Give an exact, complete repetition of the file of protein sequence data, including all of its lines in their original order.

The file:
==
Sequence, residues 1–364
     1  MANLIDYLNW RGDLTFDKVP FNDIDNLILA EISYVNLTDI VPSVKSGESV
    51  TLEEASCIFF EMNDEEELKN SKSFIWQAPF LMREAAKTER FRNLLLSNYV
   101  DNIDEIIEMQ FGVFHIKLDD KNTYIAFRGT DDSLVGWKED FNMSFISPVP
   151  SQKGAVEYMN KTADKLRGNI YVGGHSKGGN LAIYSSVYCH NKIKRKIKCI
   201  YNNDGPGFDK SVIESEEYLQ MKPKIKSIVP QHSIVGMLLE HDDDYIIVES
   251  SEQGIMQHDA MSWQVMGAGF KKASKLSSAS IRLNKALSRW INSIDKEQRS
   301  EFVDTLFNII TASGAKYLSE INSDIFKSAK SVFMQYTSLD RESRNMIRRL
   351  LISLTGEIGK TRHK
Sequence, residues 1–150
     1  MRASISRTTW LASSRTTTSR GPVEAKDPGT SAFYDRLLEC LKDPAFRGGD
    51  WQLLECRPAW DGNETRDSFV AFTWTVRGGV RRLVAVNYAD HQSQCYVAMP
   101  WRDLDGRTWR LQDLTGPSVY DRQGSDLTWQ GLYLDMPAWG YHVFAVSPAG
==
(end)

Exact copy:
Sequence, residues 1–364
     1  MANLIDYLNW RGDLTFDKVP FNDIDNLILA EISYVNLTDI VPSVKSGESV
    51  TLEEASCIFF EMNDEEELKN SKSFIWQAPF LMREAAKTER FRNLLLSNYV
   101  DNIDEIIEMQ FGVFHIKLDD KNTYIAFRGT DDSLVGWKED FNMSFISPVP
   151  SQKGAVEYMN KTADKLRGNI YVGGHSKGGN LAIYSSVYCH NKIKRKIKCI
   201  YNNDGPGFDK SVIESEEYLQ MKPKIKSIVP QHSIVGMLLE HDDDYIIVES
   251  SEQGIMQHDA MSWQVMGAGF KKASKLSSAS IRLNKALSRW INSIDKEQRS
   301  EFVDTLFNII TASGAKYLSE INSDIFKSAK SVFMQYTSLD RESRNMIRRL
   351  LISLTGEIGK TRHK
Sequence, residues 1–150
     1  MRASISRTTW LASSRTTTSR GPVEAKDPGT SAFYDRLLEC LKDPAFRGGD
    51  WQLLECRPAW DGNETRDSFV AFTWTVRGGV RRLVAVNYAD HQSQCYVAMP
   101  WRDLDGRTWR LQDLTGPSVY DRQGSDLTWQ GLYLDMPAWG YHVFAVSPAG